wilderness less …

Oh no, the ABC’s catastropharian agenda is out there, again. The research is  from the University of Queensland.

[…] Dr Watson said that the total area of wilderness was decreasing despite efforts to increase protected areas, partly because of a focus on preventing species from going extinct while ignoring the value of wilderness.

He pointed to wilderness areas such as the savannas of Northern Australia and the Great Western Woodland in Western Australia, which were both largely intact but “slowly eroding”.

“Those areas should be recognised as valuable in their own right — not just for the threatened species that live in it,” Dr Watson said. “They are both important.”

He said wilderness protection should include creating conservation corridors between large protected areas, and enabling Indigenous communities to be involved in conservation.

“All nations need to start conserving their wilderness areas, and we’ve got to have a global agreement that these things are declining rapidly,” he said.

We need to recognise that if we don’t act now we’ll run out of time.”

Whether that amount of land damaged is correct or not, if rehabilitation practices were carried out by land users by the same method, it would be a big improvement. But as always, “if we don’t act now we’ll run out of time.” Where have I heard that before?

Overall, not too badly written, but it does confirm my own agenda of planting, Savannah Enrichment, is the right one. The trees are planted to provide some monetary sustenance to indigenous custodians, along with companion species that aid pollination and pest control.

Much of ‘the Wilderness’ has been cleared for the use of Palm Oil, which really was another original Green blunder, bio-fuels. Another of the biggest wastage of wilderness, is the amount of land already cleared and needed for a carbon free energy system. I prefer a high CO2 enrichment system.

The funds wasted in ‘Taxing Air” have enabled a corrupt system, taking huge sums of money away from ‘looking after the environment’.

2016-08-01 16.45.25

About Tom Harley

Amateur ecologist and horticulturalist and CEO of Kimberley Environmental Horticulture Inc. (Tom Harley) Kimberley Environmental Horticulture Incorporated Kimberley Environmental Horticulture (KEH) is a small group of committed individuals who promote the use of indigenous plants for the landscaping of parks and gardens. Rehabilitation of Kimberley coast, bushland and pastoral regions are also high on our agenda. This includes planting seedlings, weed control, damage from erosion or any other environmental matter that comes to our attention. We come from all walks of life, from Professionals and Trades oriented occupations, Pensioners and Students, Public Servants and the Unemployed. We have a community plant nursery where we trial many old and new species, with a view to incorporating these into our landscaping trials. Our labour force are mainly volunteers, but with considerable help from the 'work for the dole' program, Indigenous Community Development Employment Program (CDEP) groups and the Ministry of Justice, with their community work orders; in this way we manage to train many people in the horticultural skills needed for indigenous plant growing. We constantly undertake field trips that cover seed and plant collection in the Kimberley. Networking around the Kimberley region and the east Pilbara is a necessary part of promoting our activities. We consult on a range of Environmental and Landscaping matters that deal with our region. Our activities involve improving Broome's residential streetscapes by including 'waterwise' priciples in planting out nature strips. Sustainable environmental horticulture is practised by members of our group. We use existing vegetation as the backbone of any plantings, using these species to advantage when planning to develop tree forms or orchards. The Broome region is sensitive to development. Subsequently many weed species have become dominant in and around developed areas. The use and movement of heavy machinery is the biggest single cause of environmental degradation. We dont live in a 'Tropical Paradise' but on the edge of the Great Sandy Desert. The plants that survive best here, grow in well-drained pindan sand, and are found from the Dampier Peninsular southward to where average rainfall is below 600mm. When we use rainforest species, detail is important when planting, water catchment, sunlight and understorey species are all considered. The use of recycled 'grey' water is an advantage here as well as treated waste-water, although many local species do not fare well with nutrients from this source. We use waterwise planting methods which include harvesting asmuch rainwater as possible, with swales designed to hold up to 200 litres, to help recharge the local groundwater aquifer. There has been a serious decline in this aquifer over the last few years. With the fast expansion of the Broome peninsular, more and more land is being covered by concrete, iron and bitumen so that much less water is available to replenish the aquifer, allowing the salt content to become significantly higher. The small Broome Peninsular is on the south-western corner of the Dampier Peninsular (bound by Broome, Derby and Cape Leveque at the northern tip). Compaction by vehicles also inhibits water retention due to the content of our local pindan sand, hard as concrete in the dry, going to soft and sloppy mud after rain. None of us are botanists, inevitably we have got some names wrong, names changed, or have not gone to sub-species level. If you note a photo or description may be wrong, please e-mail to kimenvhort@yahoo.com.au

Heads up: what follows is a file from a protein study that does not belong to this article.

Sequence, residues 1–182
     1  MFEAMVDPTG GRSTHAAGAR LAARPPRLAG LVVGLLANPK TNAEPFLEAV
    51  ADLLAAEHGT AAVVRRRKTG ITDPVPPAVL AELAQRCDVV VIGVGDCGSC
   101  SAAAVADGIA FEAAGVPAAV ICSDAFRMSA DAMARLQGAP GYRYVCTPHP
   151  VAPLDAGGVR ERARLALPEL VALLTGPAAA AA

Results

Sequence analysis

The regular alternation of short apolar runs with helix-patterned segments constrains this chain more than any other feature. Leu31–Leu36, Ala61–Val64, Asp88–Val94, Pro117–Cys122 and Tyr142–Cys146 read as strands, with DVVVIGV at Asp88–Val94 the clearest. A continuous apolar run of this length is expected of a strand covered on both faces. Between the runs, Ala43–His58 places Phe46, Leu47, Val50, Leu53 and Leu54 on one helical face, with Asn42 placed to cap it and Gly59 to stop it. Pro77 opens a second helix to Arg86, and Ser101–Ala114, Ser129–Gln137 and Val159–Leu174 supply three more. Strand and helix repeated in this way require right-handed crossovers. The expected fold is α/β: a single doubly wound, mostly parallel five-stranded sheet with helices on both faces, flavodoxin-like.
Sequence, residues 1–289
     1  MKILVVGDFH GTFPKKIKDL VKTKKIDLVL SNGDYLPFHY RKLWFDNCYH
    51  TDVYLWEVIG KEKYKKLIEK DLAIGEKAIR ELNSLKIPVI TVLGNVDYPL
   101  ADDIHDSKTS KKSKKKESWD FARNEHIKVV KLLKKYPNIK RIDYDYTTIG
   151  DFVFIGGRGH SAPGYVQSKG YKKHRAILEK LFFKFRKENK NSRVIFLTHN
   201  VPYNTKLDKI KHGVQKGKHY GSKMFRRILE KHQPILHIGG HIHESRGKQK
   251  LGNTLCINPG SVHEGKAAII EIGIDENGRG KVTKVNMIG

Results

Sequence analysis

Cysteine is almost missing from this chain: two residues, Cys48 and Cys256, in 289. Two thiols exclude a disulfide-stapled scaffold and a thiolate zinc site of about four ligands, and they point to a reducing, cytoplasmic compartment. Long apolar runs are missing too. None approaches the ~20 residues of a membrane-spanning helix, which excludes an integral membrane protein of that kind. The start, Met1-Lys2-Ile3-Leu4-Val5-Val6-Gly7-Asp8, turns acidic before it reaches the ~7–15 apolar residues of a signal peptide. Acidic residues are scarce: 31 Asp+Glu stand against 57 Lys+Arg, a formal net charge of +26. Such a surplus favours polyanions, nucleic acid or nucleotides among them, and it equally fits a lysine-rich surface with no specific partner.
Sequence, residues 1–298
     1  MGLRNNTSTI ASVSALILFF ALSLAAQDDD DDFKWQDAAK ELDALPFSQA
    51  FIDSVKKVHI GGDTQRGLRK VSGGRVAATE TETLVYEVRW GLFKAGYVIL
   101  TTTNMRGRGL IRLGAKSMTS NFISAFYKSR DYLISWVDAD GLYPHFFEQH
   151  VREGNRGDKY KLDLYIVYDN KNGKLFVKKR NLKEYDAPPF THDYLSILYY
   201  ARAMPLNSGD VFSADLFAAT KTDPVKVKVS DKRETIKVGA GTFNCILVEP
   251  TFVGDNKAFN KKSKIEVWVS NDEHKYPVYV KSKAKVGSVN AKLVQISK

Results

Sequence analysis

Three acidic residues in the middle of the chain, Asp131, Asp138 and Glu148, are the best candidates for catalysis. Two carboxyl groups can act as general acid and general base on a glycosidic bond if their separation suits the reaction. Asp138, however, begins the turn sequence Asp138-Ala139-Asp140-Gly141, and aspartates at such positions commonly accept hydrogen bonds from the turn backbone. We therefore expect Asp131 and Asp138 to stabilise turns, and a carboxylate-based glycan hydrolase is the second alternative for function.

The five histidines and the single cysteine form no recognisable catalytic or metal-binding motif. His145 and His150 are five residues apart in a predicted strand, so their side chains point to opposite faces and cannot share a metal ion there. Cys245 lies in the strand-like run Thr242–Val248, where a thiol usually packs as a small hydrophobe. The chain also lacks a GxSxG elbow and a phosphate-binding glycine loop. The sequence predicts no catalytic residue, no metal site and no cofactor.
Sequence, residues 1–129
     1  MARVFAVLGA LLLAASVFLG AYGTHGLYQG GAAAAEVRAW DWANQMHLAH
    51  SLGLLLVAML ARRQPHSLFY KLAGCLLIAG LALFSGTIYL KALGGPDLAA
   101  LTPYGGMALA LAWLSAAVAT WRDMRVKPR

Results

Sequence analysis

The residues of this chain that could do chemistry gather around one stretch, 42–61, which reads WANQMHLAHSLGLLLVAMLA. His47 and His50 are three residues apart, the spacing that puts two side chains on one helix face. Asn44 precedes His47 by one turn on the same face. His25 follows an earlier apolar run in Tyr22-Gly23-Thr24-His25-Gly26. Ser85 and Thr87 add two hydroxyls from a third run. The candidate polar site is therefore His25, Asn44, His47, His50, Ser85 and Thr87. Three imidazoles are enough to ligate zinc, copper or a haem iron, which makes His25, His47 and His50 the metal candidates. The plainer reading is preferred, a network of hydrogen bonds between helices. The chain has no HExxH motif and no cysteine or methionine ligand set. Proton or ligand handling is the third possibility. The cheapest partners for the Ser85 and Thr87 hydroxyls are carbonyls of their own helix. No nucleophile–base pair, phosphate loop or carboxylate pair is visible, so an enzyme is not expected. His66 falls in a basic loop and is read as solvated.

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One Response to wilderness less …

  1. Pingback: wilderness less … | pindanpost | Cranky Old Crow

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